Good Coach Does not Mean Good Athlete

21
Jan

Good Coach Does not Mean Good Athlete

To be a good coach, you do not have to be a good athlete—end of story.

I think ego holds many people back in the sports world, and especially in the fitness. Many athletes will turn their nose up at a coach that is not as fit as them. Ego prevents them from an opportunity to learn from someone. It puts them at a disadvantage.

I think there is some validity to being fit and coaching CrossFit. I think it shows the people you are training and putting yourself through the same challenging workouts. You should be a good example of what the program can do for your clients.

But by no means does someone have to top the leaderboard to give quality coaching. In fact, the most fit person I’ve ever trained with regularly, could do everything well, better than almost anyone, but had a very hard time transferring that into instruction for an every day CrossFitter.

There are plenty of Super Bowl-winning NFL coaches who do not hold a flame to a candle when it comes to the aesthetics or athleticism of the players they coach. Knowing how to make someone better doesn’t require either of those things.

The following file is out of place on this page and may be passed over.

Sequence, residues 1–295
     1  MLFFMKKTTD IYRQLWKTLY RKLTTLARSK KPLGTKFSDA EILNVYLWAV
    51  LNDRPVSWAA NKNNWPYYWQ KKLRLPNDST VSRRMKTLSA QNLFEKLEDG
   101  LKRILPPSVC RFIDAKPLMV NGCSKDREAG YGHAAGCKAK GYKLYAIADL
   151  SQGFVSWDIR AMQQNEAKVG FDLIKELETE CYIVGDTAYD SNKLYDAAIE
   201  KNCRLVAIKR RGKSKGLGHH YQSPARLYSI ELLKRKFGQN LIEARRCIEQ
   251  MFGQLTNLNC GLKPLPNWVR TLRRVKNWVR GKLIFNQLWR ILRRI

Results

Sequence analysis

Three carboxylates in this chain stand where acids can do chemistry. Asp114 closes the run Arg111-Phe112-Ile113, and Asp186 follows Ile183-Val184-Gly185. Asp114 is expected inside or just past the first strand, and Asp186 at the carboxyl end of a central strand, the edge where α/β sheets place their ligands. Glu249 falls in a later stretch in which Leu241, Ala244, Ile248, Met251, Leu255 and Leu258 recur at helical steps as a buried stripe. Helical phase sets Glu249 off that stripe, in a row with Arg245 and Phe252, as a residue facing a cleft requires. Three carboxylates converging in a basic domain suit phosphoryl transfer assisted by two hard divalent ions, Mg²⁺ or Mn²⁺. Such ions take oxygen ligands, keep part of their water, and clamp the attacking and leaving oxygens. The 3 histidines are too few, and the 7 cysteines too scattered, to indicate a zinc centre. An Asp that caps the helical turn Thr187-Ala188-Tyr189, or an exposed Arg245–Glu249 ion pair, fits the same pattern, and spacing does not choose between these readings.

The difference between being a CrossFit coach and an NFL coach is the people you are working with. At our gym, 99.9% of the people who come care less about their workout time and more about what their body looks like. They look to you as the coach as an example. They want to see you doing the workouts, and they want to see their future aesthetics in you. So as CrossFit coaches, we have a bit more of “Walk the talk” that has to happen than Andy Reid does.

But even with that, I still believe to be a good coach and to help athletes of all levels; you do not have to be the best athlete.

So pay attention in class. Learn from people who coach every day and from people who can make you better, and if you genuinely believe the people who are coaching you, find another gym.